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Duesenberg and Ferrari Win Best of Show at Amelia Island Concours

Bryce Womeldurf March 12, 2018 Car Shows 7 Comments

This weekend marked the 23rd annual Amelia Island Concours d’Elegance and for the second year in a row, threats of rain meant that the event was held on Saturday rather than the traditional Sunday.

This year’s Concours d’Elegance winner was a 1929 Duesenberg J/SJ Convertible owned by Harry Heaggy of Cincinnati, Ohio, while the Concours de Sport was won by a 1963 Ferrari 250/275 P owned by JSL Motorsports Collection of Redwood City, California. 

Front 3/4 image of the 1929 Duesenberg Model J/SJ receiving the Kemp C. Stickney Trophy for the Most Elegant Open Car. 1929 Duesenberg Model J/SJ, earlier on in the awards ceremony, receiving the Kemp C. Stickney Trophy for the Most Elegant Open Car.

Although the Duesenberg Model J was designed to have the best chassis and engine in the world of its time, the Model J’s Murphy roadster-style coachwork was restyled in-period by Bohman & Schwartz of Pasadena, California. Modifications made by Bohman & Schwartz included lengthening of the hood and the addition of more contemporary bumpers.

Interior image of the 1929 Duesenberg Model J/SJ with Moet champagne inside.

One of its early owners was Edward Beale McLean, who also owned the Hope Diamond. His family owned the Washington Post. Unfortunately, McLean’s increasingly erratic behavior and out of control spending eventually meant a forced sale of the Washington Post and led to him being committed indefinitely to a psychiatric hospital where he died in 1941.

Ferrari racecar arrives at the front to receive an award. 1963 Ferrari 250/275 P pulling up earlier in the awards ceremony to receive the Spirit of Sebring award.


The Concours de Sport winning 1963 Ferrari 250/275 P is one of the very first V12 mid-engined Ferraris. It was originally built as a 250 P to compete in the then-new 1963 World Prototype Championship where the Ferraris would sweep first and second at the Sebring 12-hour race and win overall at the ADAC Nürburging 1,000 km and the 24 Hours of LeMans, earning them the 1963 World Prototype Championship.

Close up image of some of the scrutineering stickers on the Ferrari

The 250 Ps would be given an update the following year to a 3.3-liter engine and were then called the 275 P. This particular 275 P won overall victory at the 1963 ADAC Nürburging 1,000 km with John Surtees and Willy Mairesse driving and the 1964 Sebring 12 Hours with Mike Parkes and Umberto Maglioli. It finished second at the 1963 Sebring 12 hour and won the first race at Mont Tremblant at an entry with Ferrari’s “N.A.R.T.” – North American Racing Team, with Pedro Rodriguez driving. It was driven as a NART entry in ’64 and ’65.

Trumpetists playing hornsTrumpetists play their horns to mark the beginning of the Best of Show being awarded.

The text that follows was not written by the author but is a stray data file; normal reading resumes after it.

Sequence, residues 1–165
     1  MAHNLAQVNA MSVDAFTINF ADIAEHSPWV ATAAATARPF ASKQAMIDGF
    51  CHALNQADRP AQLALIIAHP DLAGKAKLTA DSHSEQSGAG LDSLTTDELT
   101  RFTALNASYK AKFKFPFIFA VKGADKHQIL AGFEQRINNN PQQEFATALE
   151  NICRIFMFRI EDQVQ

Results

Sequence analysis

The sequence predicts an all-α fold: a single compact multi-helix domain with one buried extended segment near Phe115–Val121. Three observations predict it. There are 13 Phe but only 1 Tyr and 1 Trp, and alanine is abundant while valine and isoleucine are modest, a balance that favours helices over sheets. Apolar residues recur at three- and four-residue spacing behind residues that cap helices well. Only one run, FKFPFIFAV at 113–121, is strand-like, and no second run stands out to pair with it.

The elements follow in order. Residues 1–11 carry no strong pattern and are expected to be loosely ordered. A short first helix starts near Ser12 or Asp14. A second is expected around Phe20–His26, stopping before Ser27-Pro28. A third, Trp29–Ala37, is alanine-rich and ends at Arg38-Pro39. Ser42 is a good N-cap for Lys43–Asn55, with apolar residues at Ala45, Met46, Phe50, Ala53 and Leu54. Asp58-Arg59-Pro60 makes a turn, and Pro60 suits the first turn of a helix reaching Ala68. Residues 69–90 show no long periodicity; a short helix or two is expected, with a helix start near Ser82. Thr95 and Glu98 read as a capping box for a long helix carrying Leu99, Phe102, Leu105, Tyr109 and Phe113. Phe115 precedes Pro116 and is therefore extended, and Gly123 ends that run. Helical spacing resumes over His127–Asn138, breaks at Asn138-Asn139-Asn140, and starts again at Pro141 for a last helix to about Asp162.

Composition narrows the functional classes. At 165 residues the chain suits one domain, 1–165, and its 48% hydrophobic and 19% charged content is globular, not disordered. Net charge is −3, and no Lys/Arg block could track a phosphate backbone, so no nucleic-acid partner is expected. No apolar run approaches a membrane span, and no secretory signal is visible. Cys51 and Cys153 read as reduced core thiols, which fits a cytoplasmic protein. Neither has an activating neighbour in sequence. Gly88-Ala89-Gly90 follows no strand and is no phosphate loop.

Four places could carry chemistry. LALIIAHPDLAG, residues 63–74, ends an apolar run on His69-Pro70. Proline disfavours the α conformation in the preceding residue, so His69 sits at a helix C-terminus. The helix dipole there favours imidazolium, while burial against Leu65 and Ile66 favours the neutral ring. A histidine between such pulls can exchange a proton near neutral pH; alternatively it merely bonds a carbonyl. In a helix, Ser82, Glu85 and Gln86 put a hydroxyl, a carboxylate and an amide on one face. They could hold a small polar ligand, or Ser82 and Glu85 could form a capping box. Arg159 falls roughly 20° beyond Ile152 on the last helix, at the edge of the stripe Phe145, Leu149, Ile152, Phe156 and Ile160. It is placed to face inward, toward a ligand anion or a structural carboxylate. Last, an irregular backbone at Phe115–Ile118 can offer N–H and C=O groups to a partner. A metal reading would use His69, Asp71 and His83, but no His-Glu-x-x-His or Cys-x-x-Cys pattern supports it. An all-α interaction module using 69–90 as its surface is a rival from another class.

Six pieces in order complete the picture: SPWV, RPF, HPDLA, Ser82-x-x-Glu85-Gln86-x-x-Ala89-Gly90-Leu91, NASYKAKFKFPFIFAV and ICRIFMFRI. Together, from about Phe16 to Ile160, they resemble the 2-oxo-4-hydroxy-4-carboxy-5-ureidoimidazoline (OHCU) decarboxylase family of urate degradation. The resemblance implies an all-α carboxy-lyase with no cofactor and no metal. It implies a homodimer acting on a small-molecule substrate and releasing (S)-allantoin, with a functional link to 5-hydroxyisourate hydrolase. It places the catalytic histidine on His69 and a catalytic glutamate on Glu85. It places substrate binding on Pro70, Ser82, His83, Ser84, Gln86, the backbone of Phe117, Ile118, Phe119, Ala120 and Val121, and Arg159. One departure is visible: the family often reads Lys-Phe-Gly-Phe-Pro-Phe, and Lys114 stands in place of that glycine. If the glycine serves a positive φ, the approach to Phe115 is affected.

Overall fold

Amelia Island Concours founder Bill Warner ushers the winning cars up to the front.

Best of Show winners arriving.

Winner spraying champagen at everyoneWouldn’t be a win without the celebratory spraying of champagne!

A thumbs up from Bill Warner.

The winners salute and give thumbs up with Bill Warner and 2018 honoree driver Emerson Fittipaldi.The winners celebrate with Bill Warner and 2018 honoree driver Emerson Fittipaldi.


  • robbydegraff

    Gosh I love me a good Duesey

    • Sjalabais

      Did Duesenbergs ever hit some sort of rock bottom price curve – looking at you, Jaguar XJS – or where they always what they are: Non-compromising best of the best, never touched by plebs?

      Also, this photo above is just brilliant:


      • Off hand, I can’t recall if it was a Duesey or another car, but one of the cars there that day was found just sitting next to a barn. The farmer who owned the place was going to take the engine out of the car and use it in a tractor, but was instead sold to be eventually restored.

        But what I’m getting at is that some of these cars had pretty incredible histories of where they were found. It was a bit like the show “American Pickers” but with cars. So maybe more like “Chasing Classic Cars.” Someone had brought a Ford Capri race car, for instance, and I remember them mentioning how rare it was, but that they’d found this particular (now fantastic looking) example in a salvage yard where it had sat for about 25 years in the mud before they found it. I remember last year or the year before, someone had brought a fully restored DKW Monza that they’d found in a scrap yard which was being picked up by the then-damaged top with a forklift. The histories can be really fascinating.

        • outback_ute

          I know a guy whose Lancia Lambda was discovered on a farm being used as a gate! Laid on its side and pivoting around the rear axle, and used because the height of the body kept cows from eating the hay on the other side. For the price of a normal gate in a slightly different location, they got the car.

  • “…increasingly erratic behavior and out of control spending…”

    At least I can relate to one automotive aspect of this article.

  • outback_ute

    Thanks Bryce, would like to see and hear more from the show if possible!

    • Sure, I’ve got much more to share. Still combing through and developing images right now.